New kinds of digital data about health will fundamentally change the roles of doctor and healthcare providers in patient care. Data in the hands of more (p.287) people could maintain the cultural script that already plays out in doctors’ offices (i.e., “Have you been measuring your glucose like I asked?”) or it could change them, by making different “givens” the start of the conversation. The move toward more people having detailed data about their everyday lives mean, as my colleague Dr Anthony Back has said, that the physician and care team are but single points in an ever-widening stream of information.12 This change in the health data ecology may lead to new roles for physicians and healthcare providers: those of adviser and coach. While clinicians and researchers may have expertise in the results from random controlled trials, individuals will come to be seen as the experts in their own conditions and experience. Coupled with data, there may be in the future new sets of what is considered normal. Front-line healthcare providers will need to grapple with these and make sense of these new inputs together with patients.
Data Grants the Power to Ask New Questions
Sensors on every smartphone open up the possibility for people who are not professional medical researchers to collect data about themselves and ask questions about it. The possibility of having control and access to data about themselves changes how people can be involved not only in their own healthcare decisions but also in the co-creation of new insights at the boundaries of knowledge. With data, one has the ability to ask the next question.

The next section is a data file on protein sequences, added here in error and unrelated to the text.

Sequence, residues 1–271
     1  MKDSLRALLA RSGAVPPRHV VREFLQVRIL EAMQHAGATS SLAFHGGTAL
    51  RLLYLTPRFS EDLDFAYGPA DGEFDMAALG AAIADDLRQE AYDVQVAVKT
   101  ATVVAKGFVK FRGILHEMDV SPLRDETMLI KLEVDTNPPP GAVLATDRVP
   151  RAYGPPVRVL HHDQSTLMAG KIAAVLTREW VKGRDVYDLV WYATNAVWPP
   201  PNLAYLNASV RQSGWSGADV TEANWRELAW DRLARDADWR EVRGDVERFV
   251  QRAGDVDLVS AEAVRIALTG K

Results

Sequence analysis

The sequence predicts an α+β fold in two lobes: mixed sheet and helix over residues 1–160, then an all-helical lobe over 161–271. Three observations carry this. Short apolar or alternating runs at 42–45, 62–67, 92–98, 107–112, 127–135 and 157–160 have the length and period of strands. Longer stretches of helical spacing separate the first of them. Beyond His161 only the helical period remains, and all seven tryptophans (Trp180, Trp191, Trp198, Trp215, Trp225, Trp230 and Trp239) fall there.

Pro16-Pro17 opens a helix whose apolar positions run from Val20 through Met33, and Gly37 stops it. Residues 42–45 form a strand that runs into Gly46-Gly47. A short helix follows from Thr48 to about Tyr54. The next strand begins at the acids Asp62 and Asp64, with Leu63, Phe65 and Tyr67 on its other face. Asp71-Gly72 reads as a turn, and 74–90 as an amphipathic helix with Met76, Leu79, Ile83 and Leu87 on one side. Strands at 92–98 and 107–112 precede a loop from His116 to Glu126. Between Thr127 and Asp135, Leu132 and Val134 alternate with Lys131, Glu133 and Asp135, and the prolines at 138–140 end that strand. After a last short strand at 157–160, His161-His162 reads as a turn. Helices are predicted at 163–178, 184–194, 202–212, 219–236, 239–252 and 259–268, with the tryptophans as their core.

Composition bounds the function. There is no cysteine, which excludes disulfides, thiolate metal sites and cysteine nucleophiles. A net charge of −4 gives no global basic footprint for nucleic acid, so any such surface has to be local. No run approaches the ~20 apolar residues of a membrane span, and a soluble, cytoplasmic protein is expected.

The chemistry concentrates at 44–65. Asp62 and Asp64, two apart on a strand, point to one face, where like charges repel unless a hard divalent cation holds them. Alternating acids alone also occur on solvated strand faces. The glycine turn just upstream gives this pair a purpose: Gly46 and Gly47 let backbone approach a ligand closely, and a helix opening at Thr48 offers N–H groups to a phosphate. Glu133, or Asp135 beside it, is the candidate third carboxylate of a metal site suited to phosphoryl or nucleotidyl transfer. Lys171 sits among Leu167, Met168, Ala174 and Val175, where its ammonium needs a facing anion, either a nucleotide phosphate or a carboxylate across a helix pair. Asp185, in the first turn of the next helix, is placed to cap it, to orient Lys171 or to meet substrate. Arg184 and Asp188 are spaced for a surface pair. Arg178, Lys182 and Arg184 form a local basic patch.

For example, Aisling Ann O’Kane and her co-authors found that the information practices about shared data in online patient communities show how people “look at their own personal health information, information about the condition in general, and what their peers have experienced. This information seeking contributes to a more grounded understanding of what is normal for them, what is normal for the condition, and what is normal for peers who are similar to them.”13 These kinds of critical engagement with data happen in Quantified Self meetings, support groups for people with chronic conditions, in rare disease communities, and in communities for people trying to “hack” or understand their symptoms and triggers in conditions that Western medicine does not fully understand yet, such as autoimmune disorders, migraines, and food allergies and sensitivities. These shifts toward individualized relationships to data may show a future where individuals are either recast to take responsibility for the self-management of their own health in an (p.288) empowered way14 or are an excuse for shifting the burden of care away from healthcare systems and onto patients and their families. Critical engagements with digital health data have been seen as “soft resistance” to the power of big data, as “participants assume multiple roles as project designers, data collectors, and critical sense-makers who rapidly shift priorities,” pushing back on idealized notions of unified, authoritative data sets capable of being understood in the absence of personal insight and deep contextual knowledge.15 In this sense, working with data, interrogating data, and raising critical questions afterwards is part of “doing” the self in the modern digital era, and not uncovering the self as some sort of preexisting entity, but rather making and remaking the self with digital technologies and the practices of working with the data they generate.16